Lets Start at the Beginning.
In the pretty Hampshire village of Milford-on-Sea.
Alas, we didn’t have time to explore the town on the day. Our brief walk through the town made a good impression , though. Set between the New Forest and the sea, the village is centred around a traditional green lined with shops, cafes and restaurants. Many of them independents- always a good sign.
If you’d like a virtual peek at the village and all it has to offer, I’ve included a link to the Visit Milford on Sea page here. I’d love to return with time to explore. But back to the walk…
The Actual Walking Bit.
This is a round walk… well more of a there-and-back-again, really.
The walk takes you across the shingle spit that reaches out into the Solent and leads down to Hurst Castle. More on that in a minute.
This is a coastal walk, but don’t think traditional seaside. On one side wild seas, views across to the Isle of Wight and the Needles. On the other, complete contrast: The calmer Keyhaven Marshes and the Hurst Lighthouse.
The spit is shingle, originally a natural bridge to the land upon which the castle sits. Now it’s maintained and enhanced artificially. Just as well, the original spit would be long claimed by the sea otherwise and the castle an island outpost.
The walking can become more of a trudge, the shingle makes it quite hard going at times. Also, there is the wind. I’m told it’s quite blowy here even on good weather days. Great for sailing, just an extra little something if you’re walking.
Sturdy footwear highly recommended.
Expect to See..
Sweeping views out to sea and across the marshes.
And at the end of the two miles or so shingle spit, Hurst Castle. It’s not a castle in the style of fairy tales and imaginings. It’s squat, sprawling and made up of layers of history and alterations.
The cheat sheet version : the heart of the castle is actually a Tudor fort built in the 1500s to guard the Needles Passage, which gave access to Southampton and Portsmouth. The original fort, one in a chain of defences, comprised of a keep, three bastion towers and a gated complete with portcullis.
By the 1800’s the British were worried about a French invasion and so began a programme of modernisation of coastal defences, including Hurst. Defences were strengthened and heavy weaponry installed. Lodgings were added for 150 or so soldiers, marking the change from a castle to a small garrison.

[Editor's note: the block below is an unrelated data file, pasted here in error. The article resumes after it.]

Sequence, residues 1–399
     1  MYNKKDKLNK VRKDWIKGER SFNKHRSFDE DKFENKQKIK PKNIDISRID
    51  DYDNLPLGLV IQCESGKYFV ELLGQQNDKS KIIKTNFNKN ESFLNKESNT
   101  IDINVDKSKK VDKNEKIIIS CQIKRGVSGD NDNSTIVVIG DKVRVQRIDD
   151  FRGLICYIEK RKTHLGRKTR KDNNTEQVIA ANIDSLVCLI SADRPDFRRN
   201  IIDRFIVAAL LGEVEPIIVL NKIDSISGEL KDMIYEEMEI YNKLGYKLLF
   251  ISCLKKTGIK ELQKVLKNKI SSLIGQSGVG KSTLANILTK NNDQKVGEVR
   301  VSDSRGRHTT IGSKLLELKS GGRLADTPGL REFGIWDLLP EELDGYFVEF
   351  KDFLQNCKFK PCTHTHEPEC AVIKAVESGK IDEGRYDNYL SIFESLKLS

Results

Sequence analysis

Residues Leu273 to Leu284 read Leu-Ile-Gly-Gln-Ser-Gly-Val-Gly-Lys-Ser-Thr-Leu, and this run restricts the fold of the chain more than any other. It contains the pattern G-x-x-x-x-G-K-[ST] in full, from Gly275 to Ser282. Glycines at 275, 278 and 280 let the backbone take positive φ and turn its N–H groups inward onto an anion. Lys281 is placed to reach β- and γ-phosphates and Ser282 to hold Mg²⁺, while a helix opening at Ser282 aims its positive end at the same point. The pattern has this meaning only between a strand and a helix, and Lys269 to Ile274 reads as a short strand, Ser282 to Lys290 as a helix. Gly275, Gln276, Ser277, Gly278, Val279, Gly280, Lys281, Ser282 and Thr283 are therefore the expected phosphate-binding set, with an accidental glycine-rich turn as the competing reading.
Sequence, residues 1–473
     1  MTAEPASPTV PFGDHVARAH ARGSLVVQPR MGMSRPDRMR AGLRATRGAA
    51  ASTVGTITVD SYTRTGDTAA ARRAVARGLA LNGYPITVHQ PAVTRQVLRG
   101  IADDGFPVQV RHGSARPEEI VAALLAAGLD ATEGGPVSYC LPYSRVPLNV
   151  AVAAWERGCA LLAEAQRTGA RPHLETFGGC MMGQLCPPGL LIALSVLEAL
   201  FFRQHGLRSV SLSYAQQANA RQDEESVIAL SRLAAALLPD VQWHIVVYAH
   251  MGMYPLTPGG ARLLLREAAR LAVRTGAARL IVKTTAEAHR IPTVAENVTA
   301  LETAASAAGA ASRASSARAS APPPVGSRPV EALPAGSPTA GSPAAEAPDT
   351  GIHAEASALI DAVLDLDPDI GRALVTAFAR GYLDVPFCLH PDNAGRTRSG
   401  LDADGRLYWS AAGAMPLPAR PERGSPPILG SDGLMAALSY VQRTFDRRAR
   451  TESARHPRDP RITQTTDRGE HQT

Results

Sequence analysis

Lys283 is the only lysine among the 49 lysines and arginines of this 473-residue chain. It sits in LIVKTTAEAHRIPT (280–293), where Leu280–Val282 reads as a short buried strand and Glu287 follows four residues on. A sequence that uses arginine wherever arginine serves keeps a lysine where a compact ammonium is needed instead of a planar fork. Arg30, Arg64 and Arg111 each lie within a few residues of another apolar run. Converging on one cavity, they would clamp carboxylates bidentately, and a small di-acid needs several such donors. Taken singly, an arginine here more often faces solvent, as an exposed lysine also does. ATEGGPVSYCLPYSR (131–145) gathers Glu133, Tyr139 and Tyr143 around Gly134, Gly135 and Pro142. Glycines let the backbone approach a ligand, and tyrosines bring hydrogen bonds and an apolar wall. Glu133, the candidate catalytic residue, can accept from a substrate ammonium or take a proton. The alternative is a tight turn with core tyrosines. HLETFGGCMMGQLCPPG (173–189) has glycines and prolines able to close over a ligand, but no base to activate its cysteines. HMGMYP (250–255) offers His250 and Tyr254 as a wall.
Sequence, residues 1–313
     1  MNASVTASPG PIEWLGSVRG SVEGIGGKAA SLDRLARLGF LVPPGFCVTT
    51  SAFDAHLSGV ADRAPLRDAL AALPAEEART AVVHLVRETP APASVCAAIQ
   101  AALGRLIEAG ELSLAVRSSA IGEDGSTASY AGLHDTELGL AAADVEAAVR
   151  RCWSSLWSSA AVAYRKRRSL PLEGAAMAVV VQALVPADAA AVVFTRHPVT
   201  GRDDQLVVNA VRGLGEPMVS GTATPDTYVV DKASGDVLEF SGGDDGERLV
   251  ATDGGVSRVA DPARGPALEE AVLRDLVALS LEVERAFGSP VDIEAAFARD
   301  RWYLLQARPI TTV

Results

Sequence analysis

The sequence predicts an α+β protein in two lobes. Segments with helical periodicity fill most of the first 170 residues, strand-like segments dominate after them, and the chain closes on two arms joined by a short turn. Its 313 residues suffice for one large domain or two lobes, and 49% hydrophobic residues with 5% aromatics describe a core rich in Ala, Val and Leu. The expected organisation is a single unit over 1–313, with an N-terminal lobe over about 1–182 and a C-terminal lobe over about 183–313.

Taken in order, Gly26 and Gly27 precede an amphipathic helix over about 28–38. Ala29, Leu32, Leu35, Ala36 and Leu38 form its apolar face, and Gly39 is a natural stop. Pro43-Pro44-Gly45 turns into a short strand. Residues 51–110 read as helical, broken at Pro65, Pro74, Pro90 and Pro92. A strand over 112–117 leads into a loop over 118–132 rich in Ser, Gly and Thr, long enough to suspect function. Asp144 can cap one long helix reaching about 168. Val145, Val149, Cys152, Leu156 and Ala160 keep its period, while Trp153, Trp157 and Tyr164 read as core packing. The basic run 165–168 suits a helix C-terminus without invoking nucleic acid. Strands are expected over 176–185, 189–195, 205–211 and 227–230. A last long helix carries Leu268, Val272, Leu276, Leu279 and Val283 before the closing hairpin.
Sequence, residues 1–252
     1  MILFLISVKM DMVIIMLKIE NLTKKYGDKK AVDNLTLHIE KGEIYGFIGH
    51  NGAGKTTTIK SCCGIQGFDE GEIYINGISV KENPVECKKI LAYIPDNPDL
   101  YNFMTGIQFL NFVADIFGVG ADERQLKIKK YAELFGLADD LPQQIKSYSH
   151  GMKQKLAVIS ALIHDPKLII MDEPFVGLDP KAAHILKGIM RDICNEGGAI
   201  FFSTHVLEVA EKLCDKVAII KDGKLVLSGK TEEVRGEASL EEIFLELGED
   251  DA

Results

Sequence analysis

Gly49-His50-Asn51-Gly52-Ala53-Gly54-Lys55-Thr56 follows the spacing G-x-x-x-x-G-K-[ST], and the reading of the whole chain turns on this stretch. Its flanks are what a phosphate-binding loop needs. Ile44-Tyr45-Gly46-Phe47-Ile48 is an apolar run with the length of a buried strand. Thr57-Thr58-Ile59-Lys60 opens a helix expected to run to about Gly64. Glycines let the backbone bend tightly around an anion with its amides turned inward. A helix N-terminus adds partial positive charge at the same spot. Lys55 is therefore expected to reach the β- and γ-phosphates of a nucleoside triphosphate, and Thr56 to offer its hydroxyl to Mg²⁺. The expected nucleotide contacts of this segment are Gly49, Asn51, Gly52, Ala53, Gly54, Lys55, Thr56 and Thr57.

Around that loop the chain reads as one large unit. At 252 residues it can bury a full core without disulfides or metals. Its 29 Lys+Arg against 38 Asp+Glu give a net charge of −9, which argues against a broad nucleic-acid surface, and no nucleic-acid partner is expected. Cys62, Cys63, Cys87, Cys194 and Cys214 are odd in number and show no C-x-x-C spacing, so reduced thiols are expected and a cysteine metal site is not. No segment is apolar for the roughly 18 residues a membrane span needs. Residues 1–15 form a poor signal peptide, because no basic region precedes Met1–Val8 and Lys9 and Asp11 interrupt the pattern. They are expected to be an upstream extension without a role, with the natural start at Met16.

The castle was further adapted for use in the First and Second World Wars with additional searchlights and guns to defend the Solent from sea or air attack. It retained an active role until the 1950s. Today the castle is engaged in a different battle, one against the sea and the elements. Earlier this year a section of wall collapsed after the sea exposed and damaged the foundations. English Heritage is co-ordinating a joint effort to restore and secure this part of the castle.
Hurst castle today is a fascinating glimpse into the past, a twisting and turning maze of a place. It’s also keeper of some amazing views across surrounding land and sea and the focal point of a nice walk. The old place is doing alright for itself.
Additionally, this is a good walk for a bit of bird spotting. Even better if you know what you’re looking at, which I don’t. We saw a lot of birds but only via a quick google can I tell you that the latest spots along the spit include several types of geese, ringed plover and curlew. I did manage to get all my ducks in a row * . First time for everything.
*Admittedly, actually geese. And they put themselves in a row without any input from me. But it’s a start.
There are public toilets and lots of places to pick up refreshments in Milford on Sea. There is the ‘Hurst Mess’ a take away facility selling light refreshments outside the castle entrance. There are toilets within the castle, but you’ll need to be a paying visitor in order to pay a visit.
There is nothing in between Milford-on-Sea and the castle except that long stretch of shingle. It makes the walk feel like a bit of an adventure.
Yes. The Wolf had a great day out.
Lots of dogs and chatty owners about in the village. Plenty of bins for dropping the poo bags.
Dogs on short leads are welcome at the castle and nowhere is off limits to our four legged friends. There are even two resident castle dogs by the names of Poppy and Lilly although we weren’t lucky enough to meet them on the day.
And at the End of it All…
You walk (or trudge) back along the spit and end up back where you started. Like I said, it’s a there-and-back walk so you can’t really go off track. Even Mr THL and I followed this one to the letter, and that doesn’t happen very often. We did make one little error in that we parked up in the centre of the village. Which was fine, the parking there is plentiful and reasonably priced. But that did a bit more walking onto the day.
If you want to avoid the extra steps, use post code SO41 0PY to get to Hurst Road car park. Right at the end of the spit.
A Note About Hurst Castle.
Hurst Castle is now closed for the Winter season, but will reopen in March. It has been offering reduced admission whilst parts of the castle were closed for repairs. For up to date opening times and prices check here.